Two scientists from the National Museum were involved in the description of 20 new species of terrestrial invertebrates in the last financial year. These new species were described in international journals and consists of 17 mite species and 3 dung beetles species. The researchers involved are Dr Lizel Hugo- Coetzee and Dr Gimo Daniel from the Department of Terrestrial Invertebrates at the National Museum.
Dr Lizel Hugo-Coetzee worked alongside other distinguished scientists from Tyumen State University in Russia (for the discoveries of mite species) and Dr Gimo Daniel in association with a recognized zoologists at the University of Pretoria (for the discoveries of 3 dung beetle species).
Taxonomy has been described as the science of naming, describing and classifying organisms. It is critical to our understanding of our environment and our evolution. Museum scientists regularly collect specimens during field trips and preserve them for research purposes. It can take years of research before a specimen can be described in a scientific publication.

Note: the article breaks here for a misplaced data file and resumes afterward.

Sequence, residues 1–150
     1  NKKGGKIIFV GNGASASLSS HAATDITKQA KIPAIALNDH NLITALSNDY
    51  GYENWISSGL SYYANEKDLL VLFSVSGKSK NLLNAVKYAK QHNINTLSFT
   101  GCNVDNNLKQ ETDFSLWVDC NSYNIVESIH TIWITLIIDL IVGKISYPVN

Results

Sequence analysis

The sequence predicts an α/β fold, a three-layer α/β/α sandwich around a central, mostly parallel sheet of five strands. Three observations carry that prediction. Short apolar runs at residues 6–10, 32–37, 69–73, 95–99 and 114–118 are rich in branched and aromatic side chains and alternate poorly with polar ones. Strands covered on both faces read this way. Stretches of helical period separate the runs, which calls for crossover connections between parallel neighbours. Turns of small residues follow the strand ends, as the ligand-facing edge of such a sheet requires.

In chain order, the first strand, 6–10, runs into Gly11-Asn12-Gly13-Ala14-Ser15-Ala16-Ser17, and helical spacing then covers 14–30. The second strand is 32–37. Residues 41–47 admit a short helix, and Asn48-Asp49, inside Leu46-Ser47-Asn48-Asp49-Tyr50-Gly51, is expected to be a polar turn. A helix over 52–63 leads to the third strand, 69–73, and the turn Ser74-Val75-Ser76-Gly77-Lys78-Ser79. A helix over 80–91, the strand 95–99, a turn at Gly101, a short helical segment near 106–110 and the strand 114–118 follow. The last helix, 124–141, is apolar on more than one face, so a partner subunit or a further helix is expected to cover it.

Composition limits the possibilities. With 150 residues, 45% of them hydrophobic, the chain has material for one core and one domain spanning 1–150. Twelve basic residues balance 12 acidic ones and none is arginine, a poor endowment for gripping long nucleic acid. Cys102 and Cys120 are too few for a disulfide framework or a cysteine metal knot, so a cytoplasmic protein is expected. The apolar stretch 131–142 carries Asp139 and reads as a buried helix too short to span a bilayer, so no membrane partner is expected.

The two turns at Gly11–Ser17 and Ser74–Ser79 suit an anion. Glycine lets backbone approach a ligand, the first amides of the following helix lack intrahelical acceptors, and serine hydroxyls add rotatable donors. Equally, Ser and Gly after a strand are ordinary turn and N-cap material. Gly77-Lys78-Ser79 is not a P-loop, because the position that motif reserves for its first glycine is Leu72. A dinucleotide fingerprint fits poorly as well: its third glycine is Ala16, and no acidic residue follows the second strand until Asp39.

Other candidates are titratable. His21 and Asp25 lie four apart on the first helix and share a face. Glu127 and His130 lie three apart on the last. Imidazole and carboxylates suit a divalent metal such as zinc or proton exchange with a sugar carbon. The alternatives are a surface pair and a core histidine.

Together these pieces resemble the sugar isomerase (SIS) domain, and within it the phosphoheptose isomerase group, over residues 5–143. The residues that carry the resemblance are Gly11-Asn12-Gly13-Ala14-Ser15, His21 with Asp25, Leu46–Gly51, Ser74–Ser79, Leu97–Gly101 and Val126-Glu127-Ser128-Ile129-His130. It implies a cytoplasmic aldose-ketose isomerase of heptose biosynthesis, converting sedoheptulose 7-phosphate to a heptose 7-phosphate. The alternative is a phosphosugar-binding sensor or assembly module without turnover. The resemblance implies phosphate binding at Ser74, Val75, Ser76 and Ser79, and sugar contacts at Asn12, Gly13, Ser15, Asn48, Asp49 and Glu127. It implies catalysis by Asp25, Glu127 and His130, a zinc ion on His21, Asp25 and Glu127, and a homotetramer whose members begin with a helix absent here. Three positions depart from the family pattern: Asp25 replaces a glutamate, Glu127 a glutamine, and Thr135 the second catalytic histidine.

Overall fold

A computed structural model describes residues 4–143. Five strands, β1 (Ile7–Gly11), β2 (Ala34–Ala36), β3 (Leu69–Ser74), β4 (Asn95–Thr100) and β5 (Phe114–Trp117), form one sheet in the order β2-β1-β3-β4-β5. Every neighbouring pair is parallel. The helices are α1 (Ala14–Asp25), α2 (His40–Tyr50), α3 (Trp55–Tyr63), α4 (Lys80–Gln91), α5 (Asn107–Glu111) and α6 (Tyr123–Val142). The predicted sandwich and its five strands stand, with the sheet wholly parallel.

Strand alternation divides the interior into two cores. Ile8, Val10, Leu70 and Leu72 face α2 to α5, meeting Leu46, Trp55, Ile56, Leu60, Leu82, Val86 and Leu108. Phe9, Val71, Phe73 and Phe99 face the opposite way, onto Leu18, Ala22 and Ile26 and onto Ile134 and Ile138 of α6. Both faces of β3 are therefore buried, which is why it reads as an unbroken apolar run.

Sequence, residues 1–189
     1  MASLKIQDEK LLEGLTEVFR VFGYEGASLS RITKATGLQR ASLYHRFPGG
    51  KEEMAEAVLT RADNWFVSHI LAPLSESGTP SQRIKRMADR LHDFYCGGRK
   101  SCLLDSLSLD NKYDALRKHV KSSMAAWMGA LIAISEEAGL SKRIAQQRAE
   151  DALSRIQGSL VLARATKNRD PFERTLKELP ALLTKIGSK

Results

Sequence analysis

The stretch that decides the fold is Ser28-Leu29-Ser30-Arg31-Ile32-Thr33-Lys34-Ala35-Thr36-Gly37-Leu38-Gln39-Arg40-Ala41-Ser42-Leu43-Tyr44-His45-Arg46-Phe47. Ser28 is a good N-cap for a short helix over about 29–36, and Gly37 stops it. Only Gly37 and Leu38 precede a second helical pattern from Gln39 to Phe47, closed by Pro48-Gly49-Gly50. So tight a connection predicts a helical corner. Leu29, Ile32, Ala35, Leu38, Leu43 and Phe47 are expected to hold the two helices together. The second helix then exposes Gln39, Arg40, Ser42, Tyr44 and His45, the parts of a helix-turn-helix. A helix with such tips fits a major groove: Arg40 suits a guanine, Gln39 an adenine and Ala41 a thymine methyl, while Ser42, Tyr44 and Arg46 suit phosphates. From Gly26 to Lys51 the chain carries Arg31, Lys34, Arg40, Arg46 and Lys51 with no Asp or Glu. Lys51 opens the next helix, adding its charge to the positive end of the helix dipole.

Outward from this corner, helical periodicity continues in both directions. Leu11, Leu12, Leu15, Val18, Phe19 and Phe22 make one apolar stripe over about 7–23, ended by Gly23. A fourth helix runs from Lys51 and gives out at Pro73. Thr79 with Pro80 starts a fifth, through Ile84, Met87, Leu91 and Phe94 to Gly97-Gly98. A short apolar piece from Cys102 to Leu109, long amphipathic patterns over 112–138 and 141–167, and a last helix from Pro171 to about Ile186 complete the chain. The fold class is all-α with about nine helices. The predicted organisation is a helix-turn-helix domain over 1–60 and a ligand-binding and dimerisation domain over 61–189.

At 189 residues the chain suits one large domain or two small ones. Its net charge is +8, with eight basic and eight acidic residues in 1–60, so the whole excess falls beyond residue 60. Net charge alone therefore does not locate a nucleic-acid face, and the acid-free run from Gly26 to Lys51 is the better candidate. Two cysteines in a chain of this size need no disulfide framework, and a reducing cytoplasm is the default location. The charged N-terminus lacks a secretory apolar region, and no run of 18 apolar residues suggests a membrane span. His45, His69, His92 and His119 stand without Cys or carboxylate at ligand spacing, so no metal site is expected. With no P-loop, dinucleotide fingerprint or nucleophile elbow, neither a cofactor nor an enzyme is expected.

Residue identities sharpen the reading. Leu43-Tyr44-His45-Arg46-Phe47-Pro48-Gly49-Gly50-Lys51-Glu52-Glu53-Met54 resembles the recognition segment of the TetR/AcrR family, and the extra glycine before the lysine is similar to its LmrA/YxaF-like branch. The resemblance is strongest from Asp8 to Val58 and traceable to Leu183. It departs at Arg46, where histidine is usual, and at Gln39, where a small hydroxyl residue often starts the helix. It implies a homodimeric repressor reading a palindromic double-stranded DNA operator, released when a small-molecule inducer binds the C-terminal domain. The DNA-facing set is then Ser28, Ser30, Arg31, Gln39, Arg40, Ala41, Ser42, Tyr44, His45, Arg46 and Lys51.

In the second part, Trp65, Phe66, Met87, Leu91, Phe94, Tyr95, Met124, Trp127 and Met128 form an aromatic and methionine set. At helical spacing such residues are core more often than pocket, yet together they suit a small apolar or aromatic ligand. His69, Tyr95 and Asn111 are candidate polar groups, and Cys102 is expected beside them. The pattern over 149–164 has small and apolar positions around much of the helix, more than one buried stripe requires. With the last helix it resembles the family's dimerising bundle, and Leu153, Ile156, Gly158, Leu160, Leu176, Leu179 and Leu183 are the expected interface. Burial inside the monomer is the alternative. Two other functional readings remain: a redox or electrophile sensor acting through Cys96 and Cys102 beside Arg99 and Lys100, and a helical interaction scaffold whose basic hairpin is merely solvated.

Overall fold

Hugo- Coetzee is an acarologist at the National Museum and she obtained her MSc at the University of the Free State, majoring in Entomology and her PhD in Conservation Ecology at Stellenbosch University. Her main research interest is in the taxonomy of oribatid mites in South Africa, as well as some ecological aspects of oribatid mite communities. Oribatida, or ‘beetle’ mites, are small (0.2-1.4 mm) with eight legs and a hard body, occurring in soil as decomposers.
Daniel is an entomologist at the National Museum and he holds MSc and PhD degrees in Entomology. He obtained his PhD degree at the University of Pretoria and he is also a research fellow associated with the Department of Biological & Environmental Sciences at Walter Sisulu University. His main research interests lies in understanding the systematics and biogeography of dung beetles and related scarab beetles. Daniel is cataloguing and describing the impressive biodiversity of Afrotropical dung beetles to address broader evolutionary questions, such as the role of geological uplift and climatic changes in the late Cenozoic in the diversification and possible extinction of scarab beetles in southern Africa.